This wood piece with stone effects, the tough rendered tougher, creates absolute beauty and thereby supreme delight, the most tender of all human experiences and the tenderest of all ever created on earth. It echoes with the great aestheticism of India's temple art wherein sculpture blended with architecture to realise the highest form of art. This golden era of the great art began with Guptas of early India and almost ended with Chandelas of medieval days. Khajuraho temples are the apex of Chandelas' temple art and this piece has reflections of Khajuraho, though as much the emotionality of Gupta art and the precision and finesse of South Indian Chola bronzes. Every inch of Khajuraho temples, from plinth to tower and column to wall, has human figures, the temptingly beautiful maidens and youthful males, to populate it. This wood piece reproduces a member of the central column of a temple's 'Maha-mandapa', which usually has all its sides carved with beautiful lively figures.
This column piece has three youthful 'apsaras' and three parrots around it. The column has been conceived as the part of a tree trunk around which the artist has positioned his three figures. Parrots, a larger one and the other two smaller ones, are placed on stumps created by chopping its branches. All the three birds are mythically decorated and are charged with the same mood as is the entire piece. The larger one has its beak exactly directed to the nipple of the maiden busy in applying vermilion. It appears as if the bird would extend its beak and suck from her nipple. The other one, clasping the trunk with its wings, seems to be uniting in love with its counterpart, though the figure of the counterpart is only approximate.
The three 'apsaras', the maidens charged with brimming youth and inciting beauty, have very well defined sharp features - lotus-like eyes, oval faces, sharp noses, comely rounded chins, tempting lips, well shaped cheeks, proportionate necks, broad shoulders and impressively rising breasts. Their slender tall figures are highly proportionate. Their thin subdued waists as against their heavy thighs present a tempting contrast. The navels, supposed to incite in Indian Kamashashtra the irresistible sex passion, are exceptionally deep and eye catching. Their postures with multi-curves give extra projection to their hips and breasts and rhythmic elegance to their entire figures. Their spirally dressed hair further adorned by beaded ornaments are exceptionally beautiful. Each figure is a mound of gold of which the artist would not like to conceal any part. He has, hence, used no garments to cover their figures save a sash floating into air or trailing to ground or a girdle suspending from their waist upon their vulvas concealing but not rendering less fascinating their most distinctive private treasures.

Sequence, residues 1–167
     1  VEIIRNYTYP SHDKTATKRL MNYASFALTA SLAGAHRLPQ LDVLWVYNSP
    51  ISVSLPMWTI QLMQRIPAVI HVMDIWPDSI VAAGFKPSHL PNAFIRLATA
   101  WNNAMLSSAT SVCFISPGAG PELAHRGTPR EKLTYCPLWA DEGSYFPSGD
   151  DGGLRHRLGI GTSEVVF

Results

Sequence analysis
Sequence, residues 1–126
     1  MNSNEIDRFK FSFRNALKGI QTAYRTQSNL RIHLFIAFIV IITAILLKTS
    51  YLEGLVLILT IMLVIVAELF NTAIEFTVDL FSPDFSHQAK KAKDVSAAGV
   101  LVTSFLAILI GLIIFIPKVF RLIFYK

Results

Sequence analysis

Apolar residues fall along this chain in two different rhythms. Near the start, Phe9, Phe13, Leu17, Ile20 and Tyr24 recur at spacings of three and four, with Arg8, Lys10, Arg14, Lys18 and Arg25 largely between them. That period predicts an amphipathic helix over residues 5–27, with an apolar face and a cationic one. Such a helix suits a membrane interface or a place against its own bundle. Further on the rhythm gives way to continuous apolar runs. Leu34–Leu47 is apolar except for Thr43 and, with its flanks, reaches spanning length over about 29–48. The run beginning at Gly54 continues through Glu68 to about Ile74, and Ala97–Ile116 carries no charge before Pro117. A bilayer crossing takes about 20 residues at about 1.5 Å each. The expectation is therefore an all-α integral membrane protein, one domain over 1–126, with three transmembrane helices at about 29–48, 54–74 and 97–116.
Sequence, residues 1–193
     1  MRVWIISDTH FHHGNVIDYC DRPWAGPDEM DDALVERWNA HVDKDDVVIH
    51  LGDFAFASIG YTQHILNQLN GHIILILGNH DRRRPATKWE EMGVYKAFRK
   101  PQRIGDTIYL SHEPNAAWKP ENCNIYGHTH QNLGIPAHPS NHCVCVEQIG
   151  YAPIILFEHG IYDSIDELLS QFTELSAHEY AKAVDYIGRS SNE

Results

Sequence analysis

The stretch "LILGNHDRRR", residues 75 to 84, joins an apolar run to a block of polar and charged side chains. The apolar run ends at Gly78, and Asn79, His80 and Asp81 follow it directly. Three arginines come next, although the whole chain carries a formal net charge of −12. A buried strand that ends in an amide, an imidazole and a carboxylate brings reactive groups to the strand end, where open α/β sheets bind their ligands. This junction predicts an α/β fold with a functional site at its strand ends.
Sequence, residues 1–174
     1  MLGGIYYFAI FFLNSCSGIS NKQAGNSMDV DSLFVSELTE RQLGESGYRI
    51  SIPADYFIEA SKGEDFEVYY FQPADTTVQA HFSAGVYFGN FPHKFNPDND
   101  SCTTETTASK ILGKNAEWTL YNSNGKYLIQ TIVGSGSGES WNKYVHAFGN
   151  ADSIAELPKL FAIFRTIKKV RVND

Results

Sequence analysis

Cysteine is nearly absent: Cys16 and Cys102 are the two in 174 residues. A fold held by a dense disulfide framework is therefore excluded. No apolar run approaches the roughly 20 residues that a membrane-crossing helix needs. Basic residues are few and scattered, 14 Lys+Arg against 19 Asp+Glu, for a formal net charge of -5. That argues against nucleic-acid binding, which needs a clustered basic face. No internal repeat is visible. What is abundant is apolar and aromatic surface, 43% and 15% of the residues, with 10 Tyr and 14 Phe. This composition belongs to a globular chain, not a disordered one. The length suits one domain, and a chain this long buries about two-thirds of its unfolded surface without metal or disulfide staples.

All three 'apsaras' are delightfully adorning themselves obviously for uniting in love with their lords. One of them is applying 'mahavara', or lac to her feet. She is holding in her other hand the branch of the tree she is standing under. The other two are in the process of applying 'sindura', or vermilion on their foreheads. One has her hand above her head just upon the line dividing her hair and the other one has just picked the vermilion. In a less suited medium like the wood the artist has simply worked out a wonder of beauty.
This description by Prof. P.C. Jain and Dr. Daljeet. Prof. Jain specializes on the aesthetics of literature and is the author of numerous books on Indian art and culture. Dr. Daljeet is the curator of the Miniature Painting Gallery, National Museum, New Delhi. They have both collaborated together on a number of books.
Your email address will not be published *
Send as free online greeting card
Email a Friend